Capital Markets

Tyler Durden's picture

China New Home Prices Rise in 69 Of 70 Cities





China's attempts to curb runaway inflation in its housing market - which in a country in which the relatively young capital markets lack the breadth and depth of their western equivalents remains the only venue in which to park any of the excess cash generated from the global central bank liquidity avalanche - continue to be met with failure after failure. Overnight, the China Statistics Bureau reported that in September new home price across the country's 70 tracked cities, rose in virtually all of them, or 69 compared to a year ago. On a monthly basis, or compared to August, new home prices rose in only 65 of China's cities, compared to 66 in the month prior. And while the CSB data differs from the Shanghai Uwin data reported yesterday, the government's data while less stunning still shows the extent of the Chinese housing bubble and the persistent inflation plaguing the country: Beijing new home prices rose 1% M/m; and 16% Y/y; Shanghai new home prices rose 1.4% M/m; and 17% Y/y in September.

 
Tyler Durden's picture

Goldman Vice Chairman, And Potential Blankfein Replacement, Retiring





First it was David Viniar, rumored for so long to be Lloyd's next logical replacement, who rode into the Goldman sunset. Now it is the turn of Goldman's Vice Chairman, Michael Evans, one of the firm's most senior execs and the person who many had expected would ultimately replace Lloyd Blankfein when it was time for succession at the firm that executes God's will (net of 3-5% in commissions) to depart quietly into the night.

 
Tyler Durden's picture

What To Expect When You're Expecting... Default





As markets twiddle their thumbs waiting on Washington to come up with a political solution to the Federal Debt Limit/budget debate, ConvergEx's Nick Colas decided it would be a good time to review the academic literature on how markets discount expectations in the first place. Behavioral finance posits that human nature skews perceptions of risk and return, causing everything from irrational risk aversion to asset price bubbles. Against this current backdrop of theoretical uncertainty, measures like the VIX are currently somnambulant.  So, using the modern vernacular, WTF?  The bottom line, Colas explains, is that Wall Street thinks it has the current "Crisis" all figured out: a last minute deal with no Treasury default.  And just as we haven’t sold off materially during this drama, don’t expect a huge (+5%) lift afterwards.

 
Tyler Durden's picture

Fitchslapped: French Rating Agency Puts US AAA Rating On Negative Watch - Full Statement





So what exactly did Reid know and when?

  • *UNITED STATES' AAA IDR RATING MAY BE CUT BY FITCH :3352Z US
  • FITCH SAYS PUTS U.S. ON RATING WATCH NEGATIVE AS U.S. AUTHORITIES HAVE NOT RAISED FEDERAL DEBT CEILING IN A "TIMELY MANNER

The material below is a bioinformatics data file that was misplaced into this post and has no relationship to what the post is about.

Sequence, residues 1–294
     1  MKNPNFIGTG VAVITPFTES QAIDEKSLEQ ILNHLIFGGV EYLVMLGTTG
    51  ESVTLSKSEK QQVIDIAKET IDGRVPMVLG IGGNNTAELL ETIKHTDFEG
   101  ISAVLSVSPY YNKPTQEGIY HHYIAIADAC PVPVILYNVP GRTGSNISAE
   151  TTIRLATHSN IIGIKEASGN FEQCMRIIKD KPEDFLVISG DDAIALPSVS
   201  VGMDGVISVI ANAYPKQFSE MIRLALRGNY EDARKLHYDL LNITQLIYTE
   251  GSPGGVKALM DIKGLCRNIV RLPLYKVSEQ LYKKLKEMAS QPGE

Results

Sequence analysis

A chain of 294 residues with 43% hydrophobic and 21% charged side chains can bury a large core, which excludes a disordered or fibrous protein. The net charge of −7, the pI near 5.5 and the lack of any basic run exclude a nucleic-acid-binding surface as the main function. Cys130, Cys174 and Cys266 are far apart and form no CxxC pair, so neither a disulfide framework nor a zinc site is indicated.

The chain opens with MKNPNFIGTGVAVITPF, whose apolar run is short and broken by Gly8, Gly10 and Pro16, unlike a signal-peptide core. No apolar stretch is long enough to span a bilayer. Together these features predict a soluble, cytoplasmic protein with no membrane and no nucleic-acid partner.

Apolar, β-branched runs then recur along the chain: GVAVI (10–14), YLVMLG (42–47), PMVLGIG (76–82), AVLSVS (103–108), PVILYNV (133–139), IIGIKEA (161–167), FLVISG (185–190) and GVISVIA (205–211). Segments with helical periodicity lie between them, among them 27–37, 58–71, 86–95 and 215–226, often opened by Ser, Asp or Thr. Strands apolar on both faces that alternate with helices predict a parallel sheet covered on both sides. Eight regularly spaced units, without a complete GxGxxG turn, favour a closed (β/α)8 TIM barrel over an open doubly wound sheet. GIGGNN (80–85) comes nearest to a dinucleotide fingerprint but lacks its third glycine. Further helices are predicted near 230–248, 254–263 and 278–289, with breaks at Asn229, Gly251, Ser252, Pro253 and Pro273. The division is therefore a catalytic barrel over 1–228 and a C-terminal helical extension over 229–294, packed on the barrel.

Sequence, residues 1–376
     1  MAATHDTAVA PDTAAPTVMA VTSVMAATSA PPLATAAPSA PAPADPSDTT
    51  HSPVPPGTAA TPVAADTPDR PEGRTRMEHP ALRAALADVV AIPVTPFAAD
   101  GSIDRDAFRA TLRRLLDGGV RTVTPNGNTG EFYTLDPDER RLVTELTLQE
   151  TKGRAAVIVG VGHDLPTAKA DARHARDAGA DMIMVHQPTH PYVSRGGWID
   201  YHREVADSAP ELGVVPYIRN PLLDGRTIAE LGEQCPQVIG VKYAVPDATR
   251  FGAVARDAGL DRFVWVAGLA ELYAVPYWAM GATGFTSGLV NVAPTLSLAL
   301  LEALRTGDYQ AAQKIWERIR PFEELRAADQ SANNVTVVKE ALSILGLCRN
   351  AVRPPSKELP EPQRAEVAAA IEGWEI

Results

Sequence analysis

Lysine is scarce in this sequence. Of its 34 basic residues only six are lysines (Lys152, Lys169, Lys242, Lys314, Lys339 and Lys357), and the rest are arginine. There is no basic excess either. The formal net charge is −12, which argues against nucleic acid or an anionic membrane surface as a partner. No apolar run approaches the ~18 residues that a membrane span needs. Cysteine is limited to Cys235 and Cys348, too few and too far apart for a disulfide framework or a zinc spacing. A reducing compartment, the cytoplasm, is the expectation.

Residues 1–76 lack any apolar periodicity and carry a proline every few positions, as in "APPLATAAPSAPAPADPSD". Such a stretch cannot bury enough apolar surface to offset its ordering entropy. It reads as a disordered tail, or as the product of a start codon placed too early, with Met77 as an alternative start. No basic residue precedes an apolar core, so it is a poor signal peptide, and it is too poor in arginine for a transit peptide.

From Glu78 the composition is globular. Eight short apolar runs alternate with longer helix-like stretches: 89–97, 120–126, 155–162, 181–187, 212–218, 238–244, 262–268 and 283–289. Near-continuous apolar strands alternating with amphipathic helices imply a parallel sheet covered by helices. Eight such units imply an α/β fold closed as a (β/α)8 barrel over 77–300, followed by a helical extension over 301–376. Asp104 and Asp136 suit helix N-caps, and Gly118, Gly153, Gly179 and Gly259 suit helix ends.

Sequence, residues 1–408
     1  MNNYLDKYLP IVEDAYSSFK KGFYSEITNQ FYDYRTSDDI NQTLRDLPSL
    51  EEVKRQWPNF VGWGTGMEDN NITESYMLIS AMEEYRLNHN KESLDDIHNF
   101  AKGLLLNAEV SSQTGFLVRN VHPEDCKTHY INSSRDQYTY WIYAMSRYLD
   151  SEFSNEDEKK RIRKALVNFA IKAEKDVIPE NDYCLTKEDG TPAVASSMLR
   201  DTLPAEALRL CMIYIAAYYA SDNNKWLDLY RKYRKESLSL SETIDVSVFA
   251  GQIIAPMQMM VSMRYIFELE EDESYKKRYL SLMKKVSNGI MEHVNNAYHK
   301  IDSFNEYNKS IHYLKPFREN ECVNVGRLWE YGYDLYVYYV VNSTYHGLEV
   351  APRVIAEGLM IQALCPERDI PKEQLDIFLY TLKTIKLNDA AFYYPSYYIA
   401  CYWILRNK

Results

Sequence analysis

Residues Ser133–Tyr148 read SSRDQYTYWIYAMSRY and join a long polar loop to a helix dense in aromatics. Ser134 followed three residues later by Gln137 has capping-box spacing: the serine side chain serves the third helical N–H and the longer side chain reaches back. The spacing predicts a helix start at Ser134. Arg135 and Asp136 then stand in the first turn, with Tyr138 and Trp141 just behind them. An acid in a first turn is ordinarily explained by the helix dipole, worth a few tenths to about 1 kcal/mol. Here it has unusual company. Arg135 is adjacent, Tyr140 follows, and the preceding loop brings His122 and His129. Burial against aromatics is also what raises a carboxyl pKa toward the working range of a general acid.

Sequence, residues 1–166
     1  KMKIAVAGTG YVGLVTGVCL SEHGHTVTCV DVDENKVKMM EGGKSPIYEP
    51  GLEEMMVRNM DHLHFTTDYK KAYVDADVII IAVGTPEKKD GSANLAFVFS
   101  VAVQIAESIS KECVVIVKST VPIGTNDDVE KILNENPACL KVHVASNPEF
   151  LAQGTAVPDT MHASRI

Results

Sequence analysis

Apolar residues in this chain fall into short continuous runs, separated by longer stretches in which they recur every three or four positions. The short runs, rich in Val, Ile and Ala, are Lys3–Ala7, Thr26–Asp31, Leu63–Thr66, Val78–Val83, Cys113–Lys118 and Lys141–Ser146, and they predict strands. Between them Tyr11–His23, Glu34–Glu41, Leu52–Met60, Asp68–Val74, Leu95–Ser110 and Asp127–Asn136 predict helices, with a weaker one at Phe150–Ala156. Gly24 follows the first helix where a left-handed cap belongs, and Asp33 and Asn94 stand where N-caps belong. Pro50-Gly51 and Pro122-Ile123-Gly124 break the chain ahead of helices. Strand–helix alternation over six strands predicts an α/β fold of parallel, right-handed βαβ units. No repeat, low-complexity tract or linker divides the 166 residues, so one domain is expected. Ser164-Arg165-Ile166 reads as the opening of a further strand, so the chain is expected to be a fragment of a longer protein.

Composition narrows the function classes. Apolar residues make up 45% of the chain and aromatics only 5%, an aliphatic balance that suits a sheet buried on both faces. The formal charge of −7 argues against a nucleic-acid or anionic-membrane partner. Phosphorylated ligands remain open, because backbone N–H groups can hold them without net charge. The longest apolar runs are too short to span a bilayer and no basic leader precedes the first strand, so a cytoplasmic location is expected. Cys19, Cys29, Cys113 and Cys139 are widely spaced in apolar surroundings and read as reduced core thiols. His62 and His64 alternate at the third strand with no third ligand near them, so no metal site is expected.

• *FITCH STILL SEES U.S. DEBT CEILING TO BE RAISED SOON :3352Z US
  • *FITCH SEES RESOLVING US RWN BY END OF 1Q '14 AT LATEST
  • *FITCH STILL SEES U.S. DEBT CEILING TO BE RAISED SOON :3352Z US
  • *FITCH SEES U.S. ECONOMIC GROWTH REVERTING TO 2.25% AFTER 2017
The USD is under significant pressure now; US equities are undecided whether this is great news
 
Tyler Durden's picture

"What Politicians Want Is A World Of Pure Beta And Zero Alpha"





What politicians want from their regulatory efforts is a world of pure beta and zero alpha. This is the ultimate “level playing field”, where no one knows anything that everyone else doesn’t also know. The presumption within regulatory bodies today is that you must be cheating if you are generating alpha. How’s that? Alpha generation requires private information. Private information, however acquired, is defined as insider information. Insider information is cheating. Thus, alpha generation is cheating. QED. Why would politicians want an alpha-free market? Because a “fair” market with a “level playing field” is an enormously popular Narrative for every US Attorney who wants to be Attorney General, every Attorney General who wants to be Governor, and every Governor who wants to be President … which is to say all US Attorneys and all Attorneys General and all Governors. Because criminalizing private information in public markets ensures a steady stream of rich criminals for show trials in the future. Because the political stability of the American regime depends on a widely dispersed, non-zero-sum price appreciation of all financial assets – beta – not the concentrated, zero-sum price appreciation of idiosyncratic securities. Because public confidence in the government’s control of public institutions like the market must be restored at all costs, even if that confidence is misplaced and even if the side-effects of that restoration are immense.

 
Tyler Durden's picture